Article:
The first one took place in Mexico City the first week of April, organized in partnership with the Under-Secretariat of Expenditures of Mexico’s Ministry of Finance and Public Credit, a GIFT steward. It was focused on fiscal transparency portals and brought together public officials in charge of implementing fiscal transparency policies, information technologies and open data in nine countries.

Representatives of the ministries of finance from Colombia, Indonesia, Morocco, Paraguay, Peru, South Africa, Tunisia and Uruguay engaged in breakout group discussions about fiscal transparency improvements through intensive use of information technologies. Civil society experts in these issues from six countries also participated.

The second workshop took place in Cape Town the first week of May, in the context of the OGP African Regional Meeting.

High-level representatives of the ministries of finance of South Africa (GIFT steward), Kenya, Liberia and Egypt shared their experiences, challenges and lessons learned on fiscal transparency, whether in the framework of the OGP or in general. Civil society from Cameroon, South Africa and Ghana, and other key actors in the field, from the Collaborative Africa Budget Reform Initiative (CABRI) to the World Bank, were also part of the dialogue.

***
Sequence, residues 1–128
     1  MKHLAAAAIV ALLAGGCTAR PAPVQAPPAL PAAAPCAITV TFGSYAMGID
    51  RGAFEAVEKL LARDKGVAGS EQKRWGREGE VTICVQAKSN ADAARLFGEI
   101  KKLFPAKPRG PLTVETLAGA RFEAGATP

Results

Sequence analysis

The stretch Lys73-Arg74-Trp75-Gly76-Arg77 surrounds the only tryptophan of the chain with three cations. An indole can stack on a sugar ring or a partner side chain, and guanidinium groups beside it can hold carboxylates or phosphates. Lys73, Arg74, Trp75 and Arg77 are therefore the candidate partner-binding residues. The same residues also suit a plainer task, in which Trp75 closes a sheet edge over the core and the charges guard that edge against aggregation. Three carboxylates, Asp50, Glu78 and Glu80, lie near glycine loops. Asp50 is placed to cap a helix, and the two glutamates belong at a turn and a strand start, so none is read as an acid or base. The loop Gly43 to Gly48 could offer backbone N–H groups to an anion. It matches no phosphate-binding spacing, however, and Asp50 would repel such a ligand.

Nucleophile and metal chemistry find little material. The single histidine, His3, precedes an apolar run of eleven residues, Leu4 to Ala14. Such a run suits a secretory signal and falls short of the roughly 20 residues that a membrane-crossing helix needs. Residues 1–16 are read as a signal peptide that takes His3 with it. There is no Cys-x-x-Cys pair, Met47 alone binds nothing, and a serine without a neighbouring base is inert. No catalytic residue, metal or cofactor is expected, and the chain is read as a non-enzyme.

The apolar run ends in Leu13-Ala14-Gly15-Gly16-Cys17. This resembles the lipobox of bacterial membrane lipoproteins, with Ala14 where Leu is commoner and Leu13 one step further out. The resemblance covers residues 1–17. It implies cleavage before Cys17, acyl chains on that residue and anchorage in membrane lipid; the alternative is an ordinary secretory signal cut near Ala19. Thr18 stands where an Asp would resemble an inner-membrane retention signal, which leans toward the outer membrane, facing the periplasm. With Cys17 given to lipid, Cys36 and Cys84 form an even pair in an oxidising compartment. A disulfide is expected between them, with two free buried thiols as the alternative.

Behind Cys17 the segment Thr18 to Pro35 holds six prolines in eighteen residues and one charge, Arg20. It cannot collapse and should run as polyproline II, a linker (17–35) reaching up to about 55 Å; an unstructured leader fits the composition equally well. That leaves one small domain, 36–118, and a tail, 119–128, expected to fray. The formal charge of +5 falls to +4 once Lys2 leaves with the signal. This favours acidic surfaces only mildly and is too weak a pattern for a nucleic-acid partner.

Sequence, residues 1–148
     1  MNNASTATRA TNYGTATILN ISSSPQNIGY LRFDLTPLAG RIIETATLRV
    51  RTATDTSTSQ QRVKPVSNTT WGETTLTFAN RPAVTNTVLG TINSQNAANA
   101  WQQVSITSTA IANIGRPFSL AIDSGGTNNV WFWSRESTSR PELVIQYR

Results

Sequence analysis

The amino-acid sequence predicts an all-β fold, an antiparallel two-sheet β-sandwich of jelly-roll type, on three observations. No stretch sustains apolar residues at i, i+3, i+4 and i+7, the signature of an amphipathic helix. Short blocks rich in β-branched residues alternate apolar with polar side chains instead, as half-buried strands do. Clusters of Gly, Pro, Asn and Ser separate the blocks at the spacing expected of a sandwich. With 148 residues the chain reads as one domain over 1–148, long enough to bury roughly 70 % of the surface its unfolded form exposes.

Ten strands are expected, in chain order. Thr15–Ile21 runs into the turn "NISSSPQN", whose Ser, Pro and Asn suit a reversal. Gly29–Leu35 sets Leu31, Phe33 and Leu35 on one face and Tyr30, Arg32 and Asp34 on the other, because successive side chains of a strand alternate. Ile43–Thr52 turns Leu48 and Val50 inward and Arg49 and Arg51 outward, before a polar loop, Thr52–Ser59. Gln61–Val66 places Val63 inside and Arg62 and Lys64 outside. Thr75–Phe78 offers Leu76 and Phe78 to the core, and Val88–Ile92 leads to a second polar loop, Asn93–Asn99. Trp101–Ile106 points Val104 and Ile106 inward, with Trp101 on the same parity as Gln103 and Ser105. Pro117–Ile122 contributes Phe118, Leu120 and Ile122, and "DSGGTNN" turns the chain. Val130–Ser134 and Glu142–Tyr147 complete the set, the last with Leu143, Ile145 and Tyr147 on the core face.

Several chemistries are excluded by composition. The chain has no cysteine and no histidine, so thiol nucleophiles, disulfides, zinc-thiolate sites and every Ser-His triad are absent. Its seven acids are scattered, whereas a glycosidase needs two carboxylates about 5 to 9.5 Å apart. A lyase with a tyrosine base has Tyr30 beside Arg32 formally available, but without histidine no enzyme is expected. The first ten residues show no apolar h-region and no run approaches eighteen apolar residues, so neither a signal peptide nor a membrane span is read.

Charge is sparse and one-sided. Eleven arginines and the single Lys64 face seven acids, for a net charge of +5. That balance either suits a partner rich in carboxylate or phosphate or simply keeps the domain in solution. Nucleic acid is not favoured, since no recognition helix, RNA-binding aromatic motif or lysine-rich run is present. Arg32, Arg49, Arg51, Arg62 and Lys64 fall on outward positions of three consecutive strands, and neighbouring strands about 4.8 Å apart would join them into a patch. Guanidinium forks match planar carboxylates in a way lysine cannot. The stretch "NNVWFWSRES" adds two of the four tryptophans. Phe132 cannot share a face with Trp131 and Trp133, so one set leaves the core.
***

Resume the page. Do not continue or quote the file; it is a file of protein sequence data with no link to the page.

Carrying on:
The encounter was a good opportunity for GIFT to explore ways to support efforts in these countries, from assisting them as they draft their national action plan (for those OGP who are members) to future opportunities for collaboration and peer-learning.

At the end of the workshop, it was discussed that GIFT will engage Liberia, Ghana and Egypt in open data, public participation and other areas of their interest. Additionally, GIFT proposed a workshop about public participation for MENA countries for the second semester of 2016, in coordination with Egypt, Tunisia and Morocco.

Emerging Market Investors and MoF Talk Fiscal Transparency with GIFT
The World Bank’s Spring Meetings were the setting of a high-level dialogue on fiscal transparency between ministers of finance of six countries and emerging market investors, organized by IBP, the Philippines Department of Finance and the Department of Budget and Management, the U.S. Department of the Treasury, the Emerging Markets Investors Alliance, and the International Monetary Fund (all GIFT stewards).

The event successfully brought together ministers of finance from the Philippines, Serbia, Paraguay, Angola, Egypt, and Ghana and a group of investors to discuss how countries can improve their access to international financial markets. The discussion was very useful and allowed participants to better understand the information and data that investors and other users seek on national budgets and finances.

A number of possible next steps were discussed in the meeting, including how participants could join GIFT, which could use existing diagnostics from the IMF and IBP to tailor individual country recommendations for improving fiscal transparency and provide a peer engagement forum and technical assistance on improving transparency.

Other possible steps could involve organizing a follow up event to focus on specific fiscal transparency topics of interest to investors and governments (such as reporting of contingent liabilities and disclosure of assumptions used by governments to project revenues) or commissioning new research to assess the impact of fiscal transparency on credit ratings.

Joint Statement – International Anti-Corruption Summit

The Role of Fiscal Transparency in Combating Corruption